Yes, a piggyback song about fractions sung to the melody of your favorite song by The Police would be hilarious and awesome, but how many 3rd graders know songs by The Police?  Not many.  Don't forget the old nursery rhymes.  Are they goofy?  Yes.  Cheesy?  You bet.  But it's a simple melody everyone knows, and it'll get the job done.  The idea is not to write a song your students will listen to everyday on their iPod at home, but to write a simple tune that they can sing to themselves at test time to remember that confusing formula.

3. Don't Over Think It

In a perfect world, you could have a rhyme for quadratic formula, but it just might not be meant to be.  Take advantage of online rhyming dictionaries to help get you through tight spots, but don't fret if your song doesn't rhyme perfectly.  In fact, it's more important that the songs meter fits the original melody than for everything to rhyme perfectly.  What's meter, you say?  Meter is the rhythm of the melody.  For example:

"Twink-le, Twink-le, Litt-le, Star"

Now try to fit the sentence "The pythagorean theorem is great for using with triangles" into that melody.  Doesn't work.  I don't care how good you are at rhyming "triangle," it just doesn't flow.  Keep the meter as close to true form as possible, and you'll have success.

That's it!  You're on your way to writing some killer piggyback songs!  Be prepared for lots of humming when you administer your next quiz.

The George Center offers consulting services to educators and school administrators on using music in the classroom.  In fact, we'd love to come out and give your staff a free inservice!  Contact us today to get started!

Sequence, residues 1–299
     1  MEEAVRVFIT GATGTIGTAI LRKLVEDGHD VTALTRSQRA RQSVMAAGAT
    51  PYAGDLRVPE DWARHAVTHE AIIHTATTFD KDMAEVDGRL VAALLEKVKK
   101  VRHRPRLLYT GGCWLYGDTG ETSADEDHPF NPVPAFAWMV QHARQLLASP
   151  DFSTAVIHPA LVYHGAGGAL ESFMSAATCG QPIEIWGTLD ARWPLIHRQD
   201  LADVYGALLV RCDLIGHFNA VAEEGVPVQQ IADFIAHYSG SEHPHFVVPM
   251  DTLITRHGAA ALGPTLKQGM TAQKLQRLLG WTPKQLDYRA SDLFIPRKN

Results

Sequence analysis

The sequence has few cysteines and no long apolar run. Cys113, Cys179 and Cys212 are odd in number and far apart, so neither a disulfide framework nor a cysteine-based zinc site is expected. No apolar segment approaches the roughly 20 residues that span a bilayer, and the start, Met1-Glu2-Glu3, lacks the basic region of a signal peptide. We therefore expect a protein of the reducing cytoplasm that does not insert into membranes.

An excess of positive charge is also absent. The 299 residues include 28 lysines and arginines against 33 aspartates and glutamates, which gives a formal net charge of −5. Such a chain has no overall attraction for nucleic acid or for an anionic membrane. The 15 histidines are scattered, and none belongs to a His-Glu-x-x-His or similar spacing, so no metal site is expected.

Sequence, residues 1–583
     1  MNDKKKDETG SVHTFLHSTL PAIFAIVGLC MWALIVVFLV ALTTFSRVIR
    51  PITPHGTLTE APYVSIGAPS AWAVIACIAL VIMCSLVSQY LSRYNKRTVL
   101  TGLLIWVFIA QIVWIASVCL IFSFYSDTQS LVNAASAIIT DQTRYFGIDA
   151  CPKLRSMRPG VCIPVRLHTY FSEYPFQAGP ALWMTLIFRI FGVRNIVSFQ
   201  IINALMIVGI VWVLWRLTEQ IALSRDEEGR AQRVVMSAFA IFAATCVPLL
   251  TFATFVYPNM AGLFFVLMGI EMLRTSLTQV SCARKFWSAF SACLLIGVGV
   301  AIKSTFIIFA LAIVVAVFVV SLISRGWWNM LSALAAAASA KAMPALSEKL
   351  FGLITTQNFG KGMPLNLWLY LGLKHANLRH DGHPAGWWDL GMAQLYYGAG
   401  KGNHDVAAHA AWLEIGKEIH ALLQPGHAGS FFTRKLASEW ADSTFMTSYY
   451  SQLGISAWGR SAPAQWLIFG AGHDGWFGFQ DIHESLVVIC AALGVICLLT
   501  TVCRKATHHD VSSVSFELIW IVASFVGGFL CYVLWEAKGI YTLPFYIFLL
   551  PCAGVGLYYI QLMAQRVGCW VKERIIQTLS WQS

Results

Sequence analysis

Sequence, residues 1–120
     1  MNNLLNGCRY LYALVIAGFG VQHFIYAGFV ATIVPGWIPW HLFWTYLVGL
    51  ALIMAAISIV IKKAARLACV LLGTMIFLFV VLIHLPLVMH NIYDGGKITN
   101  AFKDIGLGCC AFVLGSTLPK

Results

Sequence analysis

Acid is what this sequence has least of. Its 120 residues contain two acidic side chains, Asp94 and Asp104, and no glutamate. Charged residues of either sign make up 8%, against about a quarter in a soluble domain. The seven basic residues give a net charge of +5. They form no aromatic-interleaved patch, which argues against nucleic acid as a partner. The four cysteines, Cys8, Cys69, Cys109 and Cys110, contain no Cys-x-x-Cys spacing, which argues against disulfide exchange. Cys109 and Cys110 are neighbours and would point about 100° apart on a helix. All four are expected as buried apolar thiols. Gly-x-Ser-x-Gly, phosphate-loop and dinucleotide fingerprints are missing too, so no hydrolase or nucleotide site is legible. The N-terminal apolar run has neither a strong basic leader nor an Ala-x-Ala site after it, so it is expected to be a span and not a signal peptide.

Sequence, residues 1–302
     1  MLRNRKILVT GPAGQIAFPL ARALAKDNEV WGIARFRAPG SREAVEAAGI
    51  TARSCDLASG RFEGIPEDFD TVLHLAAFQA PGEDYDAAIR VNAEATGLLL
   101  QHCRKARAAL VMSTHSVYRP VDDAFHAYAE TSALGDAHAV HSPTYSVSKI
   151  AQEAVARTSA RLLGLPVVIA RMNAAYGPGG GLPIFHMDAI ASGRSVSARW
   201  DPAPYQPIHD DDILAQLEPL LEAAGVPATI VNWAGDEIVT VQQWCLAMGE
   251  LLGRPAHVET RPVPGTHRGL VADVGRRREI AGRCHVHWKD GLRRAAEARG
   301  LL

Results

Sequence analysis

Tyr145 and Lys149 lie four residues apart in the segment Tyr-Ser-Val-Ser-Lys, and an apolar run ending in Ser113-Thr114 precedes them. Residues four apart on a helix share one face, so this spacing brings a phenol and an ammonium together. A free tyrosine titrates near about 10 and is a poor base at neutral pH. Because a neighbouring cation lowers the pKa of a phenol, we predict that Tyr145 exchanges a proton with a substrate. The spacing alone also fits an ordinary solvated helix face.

3 Reasons to Use Piggyback Songs

I'm a big fan of the saying "Work smarter, not harder."  A lot of people have negative connotations with that saying, and I'm not sure why.  In my eyes, nothing about it says you shouldn't work hard.  On the contrary!  Hard, efficient work is far better than hard, wasteful work!

But I digress.  This Friday, we're talking about piggyback songs!  What's a piggyback song?  It's when you re-write the words to familiar songs in order to serve a new purpose.  Ever notice that "The Alphabet Song" and "Twinkle, Twinkle, Little Star" have the same tune?  Did I just blow your mind?

Piggyback songs are fantastic, and I'm about to give you three big reasons why.

1. Familiarity

No matter your audience, using a song with a familiar tune helps everyone learn the important part of the song: your lyrics!  Piggyback songs can be used to convey information such as instructions for transitions or teaching important academic concepts.  When your audience already has the melody in their head, they can focus in on the information being conveyed.

2. Repetition

During my graduate studies at Florida State, I taught a song-writing course at the College of Music.  One of the early lessons I taught my students was to embrace repetition.  Humans LOVE repetition.  We thrive on routine, we crave patterns and order, and the same is true in music.  There's a reason pop music and 3-chord rock songs are so popular, because they've mastered the art of repetition!  Who doesn't love a good, predictable pattern that our brains can lock into.

Piggyback songs play into this as well.  Frequently, these songs are built off of simple tunes ("Twinkle, Twinkle," "Farmer in the Dell," "Frère Jacques") which feature lots of repetition.  This, again, helps with memorization of lyrical content.

3. Ease of Creation

Time to bring it all back: Work smarter, not harder!  Don't reinvent the wheel!  Any other cliche sayings I can throw in here?

Piggyback tunes can be created by teachers, nurses, caretakers, anybody!  No need to have any musical training.  For those with musical training, piggyback songs save you time!  I know it's tempting to want to write a song that would make Raffi weep, but trust me, your audience/clients like the familiar tunes just as much (if not more...).